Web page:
Russian chemists have developed a method for extracting high concentrations of the "happiness hormone" serotonin from the sea-buckthorn plant, the branches of which are usually discarded as debris during its harvest, a research scientist said.
"The bark of sea-buckthorn contains lots of serotonin — a thousand times more than bananas or chocolate — but the problem is that sea-buckthorn bark is not as much fun to chew as a banana or chocolate," said Oleg Lomovsky, the deputy research director at the Institute of Solid State and Mechanical Chemistry in Novosibirsk, Interfax reported.
While serotonin is popularly known as a "happiness hormone," it can also be used as a natural preservative to keep flowers or leafy vegetables fresh for up to three to five times longer, Lomovsky said.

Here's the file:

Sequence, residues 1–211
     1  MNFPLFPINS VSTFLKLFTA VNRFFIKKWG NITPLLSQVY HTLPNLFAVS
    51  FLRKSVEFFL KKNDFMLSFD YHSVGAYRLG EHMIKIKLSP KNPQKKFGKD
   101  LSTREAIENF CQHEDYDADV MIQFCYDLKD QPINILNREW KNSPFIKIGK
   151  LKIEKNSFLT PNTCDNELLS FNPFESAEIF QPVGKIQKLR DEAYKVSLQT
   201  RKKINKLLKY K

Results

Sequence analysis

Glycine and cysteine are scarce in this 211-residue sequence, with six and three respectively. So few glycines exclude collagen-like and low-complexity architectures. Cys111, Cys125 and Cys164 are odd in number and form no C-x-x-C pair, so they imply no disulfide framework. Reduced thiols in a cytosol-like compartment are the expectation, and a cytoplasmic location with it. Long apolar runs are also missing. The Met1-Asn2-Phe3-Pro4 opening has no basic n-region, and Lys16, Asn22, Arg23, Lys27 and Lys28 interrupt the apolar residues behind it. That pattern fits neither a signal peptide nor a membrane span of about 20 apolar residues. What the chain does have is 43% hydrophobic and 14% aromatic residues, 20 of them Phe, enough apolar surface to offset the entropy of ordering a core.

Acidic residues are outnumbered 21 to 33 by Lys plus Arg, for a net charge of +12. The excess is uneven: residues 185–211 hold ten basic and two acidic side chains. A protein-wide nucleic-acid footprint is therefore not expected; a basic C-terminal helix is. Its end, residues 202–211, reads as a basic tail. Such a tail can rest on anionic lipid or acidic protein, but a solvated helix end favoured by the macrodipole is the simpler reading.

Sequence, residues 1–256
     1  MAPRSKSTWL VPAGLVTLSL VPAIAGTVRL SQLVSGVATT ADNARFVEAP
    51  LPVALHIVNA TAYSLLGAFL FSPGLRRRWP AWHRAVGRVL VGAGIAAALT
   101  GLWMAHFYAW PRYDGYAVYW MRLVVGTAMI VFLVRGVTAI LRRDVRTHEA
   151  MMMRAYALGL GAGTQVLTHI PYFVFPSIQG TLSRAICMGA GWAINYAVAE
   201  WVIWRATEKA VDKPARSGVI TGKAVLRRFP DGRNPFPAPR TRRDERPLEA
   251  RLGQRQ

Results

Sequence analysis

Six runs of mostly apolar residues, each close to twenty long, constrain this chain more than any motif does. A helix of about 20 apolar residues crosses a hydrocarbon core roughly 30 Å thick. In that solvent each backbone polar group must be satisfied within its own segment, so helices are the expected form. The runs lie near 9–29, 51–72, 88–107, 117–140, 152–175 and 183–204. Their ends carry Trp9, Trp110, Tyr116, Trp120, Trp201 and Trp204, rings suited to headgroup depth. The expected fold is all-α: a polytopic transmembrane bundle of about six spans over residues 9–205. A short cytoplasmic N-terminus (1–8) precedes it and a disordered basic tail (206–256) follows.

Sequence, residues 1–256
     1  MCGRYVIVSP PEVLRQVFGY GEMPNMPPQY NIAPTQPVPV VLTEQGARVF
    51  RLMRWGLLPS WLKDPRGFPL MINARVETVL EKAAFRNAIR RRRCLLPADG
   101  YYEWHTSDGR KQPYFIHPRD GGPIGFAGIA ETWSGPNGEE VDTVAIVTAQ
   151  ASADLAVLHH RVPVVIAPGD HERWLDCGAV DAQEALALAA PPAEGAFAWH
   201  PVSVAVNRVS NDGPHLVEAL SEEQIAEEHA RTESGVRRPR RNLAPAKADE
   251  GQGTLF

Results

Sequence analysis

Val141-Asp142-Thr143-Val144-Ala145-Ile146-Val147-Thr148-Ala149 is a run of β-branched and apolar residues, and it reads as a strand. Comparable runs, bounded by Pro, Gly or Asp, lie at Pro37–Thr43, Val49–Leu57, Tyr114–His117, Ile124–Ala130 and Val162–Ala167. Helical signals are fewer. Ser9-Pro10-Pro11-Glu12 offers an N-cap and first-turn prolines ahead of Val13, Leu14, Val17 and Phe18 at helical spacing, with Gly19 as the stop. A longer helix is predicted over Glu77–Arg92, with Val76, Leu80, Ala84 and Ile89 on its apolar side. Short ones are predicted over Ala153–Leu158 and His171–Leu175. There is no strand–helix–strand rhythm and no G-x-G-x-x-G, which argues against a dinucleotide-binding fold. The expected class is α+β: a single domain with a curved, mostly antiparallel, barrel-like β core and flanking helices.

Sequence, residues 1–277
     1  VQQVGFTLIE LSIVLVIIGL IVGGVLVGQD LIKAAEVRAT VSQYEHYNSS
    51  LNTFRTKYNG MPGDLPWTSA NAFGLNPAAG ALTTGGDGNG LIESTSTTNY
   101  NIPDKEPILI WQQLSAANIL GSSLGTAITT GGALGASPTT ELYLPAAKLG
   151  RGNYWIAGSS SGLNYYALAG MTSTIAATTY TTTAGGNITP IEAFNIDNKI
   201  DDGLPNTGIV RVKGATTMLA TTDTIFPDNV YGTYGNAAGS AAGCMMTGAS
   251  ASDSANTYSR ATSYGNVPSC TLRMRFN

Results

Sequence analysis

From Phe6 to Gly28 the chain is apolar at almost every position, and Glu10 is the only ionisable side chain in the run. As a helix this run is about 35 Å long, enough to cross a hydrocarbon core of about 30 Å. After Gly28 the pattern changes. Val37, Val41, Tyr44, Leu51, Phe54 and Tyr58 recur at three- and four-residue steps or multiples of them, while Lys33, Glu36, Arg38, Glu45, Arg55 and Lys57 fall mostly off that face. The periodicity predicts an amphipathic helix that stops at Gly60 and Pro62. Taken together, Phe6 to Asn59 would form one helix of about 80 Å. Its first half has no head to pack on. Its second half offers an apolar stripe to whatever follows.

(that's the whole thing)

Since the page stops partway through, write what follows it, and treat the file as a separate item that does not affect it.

Artificially produced serotonin is too expensive to be used to keep salad greens fresh, but its natural counterpart derived from sea-buckthorn would be cheaper and safer for human health, Lomovsky said.
The berries of sea-buckthorn — a shrub that grows widely in Russia's Altai region and is cultivated in other parts of the country, as well as in some areas in Europe and Asia — are notoriously had to gather, as they cluster around the plants' thorny branches.
Industrial methods of harvesting often involve cutting off branches, which are then cleared of berries and discarded as debris. Lomovsky's institute has developed a method for extracting serotonin from the bark, the research scientist told Interfax.
"We are lucky because sea-buckthorn is our brand," Lomovsky was quoted as saying. "Everybody was working only on processing the berries, while we have shown that its bark is also a very interesting product."